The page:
When it comes to the managing of the COVID-19 pandemic in Australia, there is plenty of blame to go around. But don’t look to the federal government to accept its fair share.
The Sydney Northern Beaches outbreak has shattered the poster girl image of Liberal premier Gladys Berejiklian that her Canberra counterparts have spent most of the year telling us was the “gold standard” among the states.
To be fair to the New South Wales Premier, it wasn’t until Monday that she backed herself in such a way.
“We do have, I believe, one of the best if not the best contact tracing team on the planet,” Ms Berejiklian said.
At the height of the federal pile on of Victoria’s Labor premier Daniel Andrews, she cautioned that “touch wood” her state would not face a similar predicament.
Perhaps she was haunted by the failure of her state health authorities – with no help from Border Force as customs is now called – to stop the virus marching straight down the gang plank of the Ruby Princess cruise ship and across the nation.
But that brings us to the coal face of border control or, more precisely, the constitutional responsibility to keep the nation safe from contagion.
Look no further than the federal Quarantine Act of 1908 (replaced by Biosecurity Act 2015), enacted seven years after Federation and applied 10 years later when the “Spanish Flu” epidemic hit.
The Commonwealth then set up quarantine stations in every state and back in February, the Morrison government followed the example by organising for Australians returning from COVID-19 central in Wuhan, China to be quarantined on Christmas Island or in the Northern Territory.
Early in the pandemic at the first meeting of Scott Morrison’s national cabinet – the rolling summit of the state and territory leaders – according to a source close to the meeting, the states were shocked when the Prime Minister came to the meeting with no quarantine plan.
I am told that’s when Mr Andrews, with the support of the other state and territory leaders, agreed to set up and pay for hotel quarantine.
This let the Commonwealth off the hook, not that you would know it with the PM regularly touting his generous offer of the Australian Defence Force to assist with policing the arrangement.
It allowed Mr Morrison and his ministers, principally Treasurer Josh Frydenberg, point the finger at Labor-governed Victoria for the disastrous second wave that led to a prolonged shutdown of the nation’s second biggest state.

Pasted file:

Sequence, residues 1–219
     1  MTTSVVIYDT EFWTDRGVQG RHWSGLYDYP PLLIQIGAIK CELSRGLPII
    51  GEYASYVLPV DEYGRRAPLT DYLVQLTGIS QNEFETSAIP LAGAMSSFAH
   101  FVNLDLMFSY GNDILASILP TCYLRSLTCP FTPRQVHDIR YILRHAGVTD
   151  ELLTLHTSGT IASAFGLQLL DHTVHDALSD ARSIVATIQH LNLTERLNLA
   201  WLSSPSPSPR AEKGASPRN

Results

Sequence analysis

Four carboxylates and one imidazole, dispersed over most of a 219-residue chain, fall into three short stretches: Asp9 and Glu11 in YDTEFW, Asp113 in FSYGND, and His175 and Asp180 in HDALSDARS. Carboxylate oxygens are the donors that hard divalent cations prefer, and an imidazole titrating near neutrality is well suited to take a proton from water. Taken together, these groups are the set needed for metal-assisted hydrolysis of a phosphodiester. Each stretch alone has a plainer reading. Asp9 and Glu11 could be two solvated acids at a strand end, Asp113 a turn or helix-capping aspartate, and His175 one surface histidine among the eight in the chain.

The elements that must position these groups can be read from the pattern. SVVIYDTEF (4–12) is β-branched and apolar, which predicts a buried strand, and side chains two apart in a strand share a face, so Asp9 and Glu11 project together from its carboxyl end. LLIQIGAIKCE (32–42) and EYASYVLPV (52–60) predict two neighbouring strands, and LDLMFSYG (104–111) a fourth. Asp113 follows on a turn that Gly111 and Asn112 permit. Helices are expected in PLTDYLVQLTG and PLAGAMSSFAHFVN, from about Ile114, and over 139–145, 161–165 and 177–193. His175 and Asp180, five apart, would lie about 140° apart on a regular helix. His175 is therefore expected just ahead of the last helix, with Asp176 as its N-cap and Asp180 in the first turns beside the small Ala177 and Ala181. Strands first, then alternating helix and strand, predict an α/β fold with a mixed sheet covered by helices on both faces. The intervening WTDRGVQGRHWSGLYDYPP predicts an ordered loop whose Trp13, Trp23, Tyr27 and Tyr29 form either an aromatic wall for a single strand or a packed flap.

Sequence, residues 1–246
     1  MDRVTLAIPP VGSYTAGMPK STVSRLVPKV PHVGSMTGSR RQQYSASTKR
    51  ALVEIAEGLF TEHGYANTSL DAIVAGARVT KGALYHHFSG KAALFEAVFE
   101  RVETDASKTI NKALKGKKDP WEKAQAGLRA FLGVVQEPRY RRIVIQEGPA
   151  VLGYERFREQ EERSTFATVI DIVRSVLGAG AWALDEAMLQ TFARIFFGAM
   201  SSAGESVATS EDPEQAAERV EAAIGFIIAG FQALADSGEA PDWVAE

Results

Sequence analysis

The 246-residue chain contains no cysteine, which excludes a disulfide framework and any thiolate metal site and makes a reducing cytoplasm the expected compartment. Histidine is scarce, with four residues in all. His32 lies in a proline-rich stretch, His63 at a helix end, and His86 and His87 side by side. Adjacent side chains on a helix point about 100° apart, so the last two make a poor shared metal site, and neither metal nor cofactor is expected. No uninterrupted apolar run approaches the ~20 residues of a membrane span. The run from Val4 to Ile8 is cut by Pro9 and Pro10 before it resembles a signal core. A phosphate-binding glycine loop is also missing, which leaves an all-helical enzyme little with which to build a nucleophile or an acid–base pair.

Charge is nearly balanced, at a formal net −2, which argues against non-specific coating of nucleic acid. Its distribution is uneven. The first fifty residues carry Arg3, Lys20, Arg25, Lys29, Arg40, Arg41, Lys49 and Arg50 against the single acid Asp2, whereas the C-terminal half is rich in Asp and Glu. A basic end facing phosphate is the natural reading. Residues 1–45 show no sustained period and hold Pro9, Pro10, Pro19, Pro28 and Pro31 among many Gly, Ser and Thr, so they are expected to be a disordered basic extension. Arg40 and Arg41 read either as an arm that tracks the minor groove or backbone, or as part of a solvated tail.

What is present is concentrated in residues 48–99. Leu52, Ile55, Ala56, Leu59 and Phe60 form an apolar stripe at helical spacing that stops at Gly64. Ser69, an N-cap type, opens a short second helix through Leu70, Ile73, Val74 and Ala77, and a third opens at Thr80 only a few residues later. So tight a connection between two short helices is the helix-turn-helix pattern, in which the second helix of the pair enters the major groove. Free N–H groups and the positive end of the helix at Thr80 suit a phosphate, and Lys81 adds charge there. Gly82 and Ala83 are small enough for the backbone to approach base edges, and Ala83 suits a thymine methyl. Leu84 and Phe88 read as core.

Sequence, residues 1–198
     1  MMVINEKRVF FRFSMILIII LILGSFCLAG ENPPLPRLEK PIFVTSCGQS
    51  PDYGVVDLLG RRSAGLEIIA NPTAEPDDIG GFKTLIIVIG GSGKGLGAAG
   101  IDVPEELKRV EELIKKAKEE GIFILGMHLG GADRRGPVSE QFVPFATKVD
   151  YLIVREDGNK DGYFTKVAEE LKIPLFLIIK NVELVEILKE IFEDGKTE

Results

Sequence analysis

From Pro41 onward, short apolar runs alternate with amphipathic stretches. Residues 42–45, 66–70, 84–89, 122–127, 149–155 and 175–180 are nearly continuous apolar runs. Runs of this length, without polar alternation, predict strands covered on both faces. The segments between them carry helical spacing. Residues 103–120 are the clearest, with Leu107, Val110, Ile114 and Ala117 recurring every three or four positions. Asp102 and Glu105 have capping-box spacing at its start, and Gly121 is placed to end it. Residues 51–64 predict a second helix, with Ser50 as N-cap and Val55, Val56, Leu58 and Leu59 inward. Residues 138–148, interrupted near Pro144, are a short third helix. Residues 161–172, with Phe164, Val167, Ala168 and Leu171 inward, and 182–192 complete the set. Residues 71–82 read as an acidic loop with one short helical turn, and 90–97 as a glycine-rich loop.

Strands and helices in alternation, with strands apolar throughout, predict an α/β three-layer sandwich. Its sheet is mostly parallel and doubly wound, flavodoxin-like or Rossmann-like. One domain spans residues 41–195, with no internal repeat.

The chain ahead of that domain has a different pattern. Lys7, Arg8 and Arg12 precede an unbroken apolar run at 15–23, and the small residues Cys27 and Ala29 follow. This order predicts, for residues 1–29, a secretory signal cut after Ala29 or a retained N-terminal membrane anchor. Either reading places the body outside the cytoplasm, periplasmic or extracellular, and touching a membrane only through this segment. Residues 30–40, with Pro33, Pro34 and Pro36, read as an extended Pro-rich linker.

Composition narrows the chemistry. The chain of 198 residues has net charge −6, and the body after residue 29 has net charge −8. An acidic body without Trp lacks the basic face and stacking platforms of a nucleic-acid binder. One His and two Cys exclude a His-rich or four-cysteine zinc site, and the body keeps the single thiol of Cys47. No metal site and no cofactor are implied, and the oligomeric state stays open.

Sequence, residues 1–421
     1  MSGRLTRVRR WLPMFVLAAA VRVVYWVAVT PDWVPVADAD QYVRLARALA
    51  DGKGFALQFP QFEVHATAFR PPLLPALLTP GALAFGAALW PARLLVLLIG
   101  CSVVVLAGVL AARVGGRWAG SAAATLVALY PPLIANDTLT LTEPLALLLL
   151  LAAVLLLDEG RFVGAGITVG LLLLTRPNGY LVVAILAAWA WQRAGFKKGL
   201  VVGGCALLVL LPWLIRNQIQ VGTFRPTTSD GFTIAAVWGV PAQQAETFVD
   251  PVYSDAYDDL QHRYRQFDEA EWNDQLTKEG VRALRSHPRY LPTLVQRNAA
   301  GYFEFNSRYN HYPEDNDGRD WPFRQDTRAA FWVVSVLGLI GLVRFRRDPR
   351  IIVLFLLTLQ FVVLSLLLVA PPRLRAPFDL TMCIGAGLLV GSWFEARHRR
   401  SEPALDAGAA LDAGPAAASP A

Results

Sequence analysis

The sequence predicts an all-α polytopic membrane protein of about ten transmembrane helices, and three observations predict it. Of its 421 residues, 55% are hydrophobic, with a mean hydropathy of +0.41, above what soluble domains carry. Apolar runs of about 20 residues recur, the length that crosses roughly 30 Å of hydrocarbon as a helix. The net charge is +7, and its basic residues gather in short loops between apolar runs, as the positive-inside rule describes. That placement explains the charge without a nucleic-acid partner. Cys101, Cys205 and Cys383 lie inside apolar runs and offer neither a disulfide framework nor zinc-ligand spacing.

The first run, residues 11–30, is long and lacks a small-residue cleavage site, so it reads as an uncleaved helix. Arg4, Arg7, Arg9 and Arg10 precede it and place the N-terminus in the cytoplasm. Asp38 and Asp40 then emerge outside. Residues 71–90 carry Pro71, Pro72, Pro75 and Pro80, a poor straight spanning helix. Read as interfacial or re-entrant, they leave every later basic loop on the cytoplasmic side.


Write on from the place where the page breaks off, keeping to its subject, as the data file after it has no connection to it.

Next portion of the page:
It also saw the Prime Minister attempting to hide from the Commonwealth’s responsibility for 600 deaths in federally funded and regulated nursing homes.
Neither the PM nor his senior ministers have rushed to point the finger at the Berejiklian Liberal-led government for the holes in the quarantine arrangements for international air crews.
Epidemiologists wrote to the Prime Minister and premiers back in December 2019 pointing out the risks.
NSW has borne the lion’s share of international travellers returning to Australia: 88,949 since March compared to Victoria’s 21,508, Queensland’s 29,845 and Western Australia’s 22,751.
But the Berejiklian government, without demur from the Commonwealth, buckled to pressure from airlines to exempt international air crews from strict quarantine.
These are the people flying around the world’s hotspots and left unchecked to leave their hotels to shop or eat or whatever. They are a most likely source of the infection entering the Australian community.
Ms Berejiklian lamely claims there is nothing wrong with the guidelines but with “the few occasions when people have broken them by not self-isolating”.
Someone needs to acquaint the premier with the reality of a “super spreader”.
Mr Morrison is more than happy to leave it to the states to apply their health acts to contain the virus – it gives him gold-standard scapegoats and masks his own dereliction of constitutional duty.
In a recorded video from The Lodge at the weekend, the Prime Minister had breezy reassurances for the nation and heaped fulsome praise on Ms Berejiklian and the states for the roles they are playing.
On Monday the Prime Minister held a formal news conference in his Parliament House Courtyard, but there was no new announcement revisiting quarantine exemptions for air crew, returning diplomats or VIPs.
Clearly he is counting on nobody noticing what he is not doing.
Paul Bongiorno AM is a veteran of the Canberra Press Gallery, with 40 years’ experience covering Australian politics